When you transition to remote work there’s a lot of experimentation that takes place. Not just with where you set up your desk, but with what tools you use to get work done, how you communicate with your team members, and much more. It forces people to rethink work from first principles and ask: what’s the most effective way of doing this thing. The pandemic year forced a lot of us to rethink how work… works. And many teams found themselves trying out new tools and becoming all around more resilient and more welcoming of change. Keeping up the energy to experiment with new things and constantly be re-thinking the way we work together is perhaps the most important lesson we can take out of remote work experiences. 

 

Unproductive remote work habits to stop

There are a lot of benefits to be derived from remote work. But it isn’t all good news. It’s easy to pick up some bad habits that are important to stop whether you’re working remotely or going back into the office. Here are three habits that definitely don’t need to stick around. 

1. Never seeing your team in-person 😢

Remote work does not mean you can’t see each other in person. While we have gone through our fair share of remote retreats and learned a lot along the way, companies should think about whole-company get-togethers, if feasible. At the very least, companies should encourage and pay for employees to co-work together from time to time if they live in the same area.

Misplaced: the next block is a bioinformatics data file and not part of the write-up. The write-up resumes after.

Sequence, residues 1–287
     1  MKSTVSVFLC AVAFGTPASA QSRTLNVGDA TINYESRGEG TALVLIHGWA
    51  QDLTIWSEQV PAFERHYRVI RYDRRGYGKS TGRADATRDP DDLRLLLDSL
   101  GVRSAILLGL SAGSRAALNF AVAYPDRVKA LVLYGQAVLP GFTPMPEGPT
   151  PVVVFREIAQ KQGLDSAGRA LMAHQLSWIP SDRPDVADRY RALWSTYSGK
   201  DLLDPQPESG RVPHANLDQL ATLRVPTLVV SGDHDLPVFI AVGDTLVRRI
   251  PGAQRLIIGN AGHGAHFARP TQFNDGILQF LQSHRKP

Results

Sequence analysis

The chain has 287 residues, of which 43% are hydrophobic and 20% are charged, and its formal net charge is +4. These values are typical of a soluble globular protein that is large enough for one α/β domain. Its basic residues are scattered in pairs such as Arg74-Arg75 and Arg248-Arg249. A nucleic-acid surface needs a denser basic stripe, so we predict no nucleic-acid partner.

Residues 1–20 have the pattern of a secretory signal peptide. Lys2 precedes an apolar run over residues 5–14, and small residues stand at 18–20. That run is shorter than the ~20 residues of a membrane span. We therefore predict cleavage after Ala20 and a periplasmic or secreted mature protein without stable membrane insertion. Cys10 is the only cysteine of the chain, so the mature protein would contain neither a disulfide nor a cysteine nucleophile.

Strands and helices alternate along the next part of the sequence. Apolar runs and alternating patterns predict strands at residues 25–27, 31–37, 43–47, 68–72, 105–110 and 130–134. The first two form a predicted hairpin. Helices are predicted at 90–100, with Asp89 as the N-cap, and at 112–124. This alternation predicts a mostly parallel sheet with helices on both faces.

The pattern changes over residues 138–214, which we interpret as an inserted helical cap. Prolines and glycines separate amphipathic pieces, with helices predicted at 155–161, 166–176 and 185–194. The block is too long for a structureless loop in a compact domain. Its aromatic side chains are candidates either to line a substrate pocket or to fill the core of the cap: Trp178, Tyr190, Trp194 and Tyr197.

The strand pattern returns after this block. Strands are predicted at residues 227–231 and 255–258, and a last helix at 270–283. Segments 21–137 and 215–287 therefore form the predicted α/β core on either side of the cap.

2. Debating ‘all-remote’ versus ‘all-office’ 🤔

Remote work does not exist in opposition to office work. Companies and employees can choose the mix of remote and office work that suits them best. The future of work is most likely hybrid. Meaning some people in the office and some remote. Or people doing a bit of both.

3. Letting boundaries erode 😫

Year after year, difficulty unplugging from work is cited by people as the biggest challenge of remote work. And it’s a bad habit many of us have picked up during the remote work of 2020. Whether you stay remote or go back to the office, make sure to put those boundaries between life and work in place. Consider having a separate room you work in, doing a ‘commute replacement’ to work up to and wind down from work, or scheduling a fixed start and end time to your day.

Work habits are about finding what works and making it stick

Remote work saw the world embracing a lot of amazing habits that in many cases improved the way we work. And while it hasn’t been everyone’s cup of tea there are lessons to take from every experiment.

As you think about what works for you (both as a person as for your company), first think about what you’re trying to achieve and then work backwards to decide what mix of remote and co-located work will get to your end goals as efficiently as possible. 

From there, introduce new habits or reinforce old ones to help you reach your goals. And don’t forget that any habit is inherently an experiment. If you try something and it works, great! If there’s some room for improvement, don’t be afraid to customize it for your needs. 

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Gareth Davies

Gareth Davies spends his time helping people and organisations around the world communicate better. He's a passionate advocate of remote work and responsible leadership.